Attack the Block (2011)
When vicious aliens come calling, that are sort of like huge, black wolves with luminous eyes, who do you want to tackle them? The Army? The Police? No. You want what many refer to as feral youths. They’ve plenty of pent up anger, from being marginalised all of their lives. Whilst they didn’t choose to have to come up against these creatures capable of gruesome destruction, they do their best to get on the with the job. They’re led by Moses (John Boyega), who himself rapidly becomes the unlikely action hero of the hour, after a chance encounter, whilst him and his gang are busy robbing a pre-Doctor Who era Jodie Whittaker (she manages to go largely unnoticed, as usual). It’s not long before they all end up on the same side, out of desperation, having to quickly overcome their differences.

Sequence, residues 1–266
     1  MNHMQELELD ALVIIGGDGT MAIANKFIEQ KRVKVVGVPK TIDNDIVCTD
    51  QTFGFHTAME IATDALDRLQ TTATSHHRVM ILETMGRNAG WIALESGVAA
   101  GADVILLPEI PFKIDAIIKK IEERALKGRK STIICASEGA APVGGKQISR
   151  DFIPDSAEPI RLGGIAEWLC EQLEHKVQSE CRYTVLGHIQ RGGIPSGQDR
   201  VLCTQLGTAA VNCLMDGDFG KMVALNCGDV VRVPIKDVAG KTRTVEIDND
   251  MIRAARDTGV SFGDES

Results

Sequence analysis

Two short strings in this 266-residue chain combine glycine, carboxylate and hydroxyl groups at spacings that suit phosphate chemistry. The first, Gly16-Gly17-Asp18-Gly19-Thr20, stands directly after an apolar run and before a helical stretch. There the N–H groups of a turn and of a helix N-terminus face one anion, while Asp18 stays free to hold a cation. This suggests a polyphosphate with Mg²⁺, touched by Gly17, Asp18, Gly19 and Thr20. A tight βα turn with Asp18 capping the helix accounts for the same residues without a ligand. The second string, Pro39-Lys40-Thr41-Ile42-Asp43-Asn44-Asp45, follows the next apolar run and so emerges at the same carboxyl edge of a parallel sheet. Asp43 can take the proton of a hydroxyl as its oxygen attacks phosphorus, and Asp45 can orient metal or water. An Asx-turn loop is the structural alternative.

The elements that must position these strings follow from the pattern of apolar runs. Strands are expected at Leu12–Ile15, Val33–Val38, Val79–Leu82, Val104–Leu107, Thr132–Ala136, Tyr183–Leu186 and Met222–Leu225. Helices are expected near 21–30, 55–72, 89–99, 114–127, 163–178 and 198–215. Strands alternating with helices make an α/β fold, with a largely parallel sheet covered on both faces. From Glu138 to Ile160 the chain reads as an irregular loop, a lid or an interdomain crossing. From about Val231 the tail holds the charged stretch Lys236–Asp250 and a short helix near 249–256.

Attack the Block is clearly a comedy, at heart; yet, it manages to stitch in some serious themes, too. It does this without labouring the point, or being so sickly sweet about a lack of representation, and making tokenistic gestures as a result. Perhaps, on the surface, these depictions of working class young people is a little bit like a modern take on Dickens’ youngsters in Oliver Twist. They are at least real people though, with vulnerabilities and everyday problems. They go unsung because they go unheard of. That’s the message in the film. Mostly, we only know the images of them we’re sold. The one we buy. There’s definitely a message in there relevant to the current crisis facing the whole of the Earth’s population: take away the trappings and we’re all much more similar than we’ve come to think of ourselves. Humans find the best in themselves and others only when they’re forced to. If we can learn to laugh to laugh together, we can overcome pretty much anything. Luckily there’s lots to laugh at in this awesome, low-budget offering. A fun-filled feature, with a few fuzzy feelings to boot.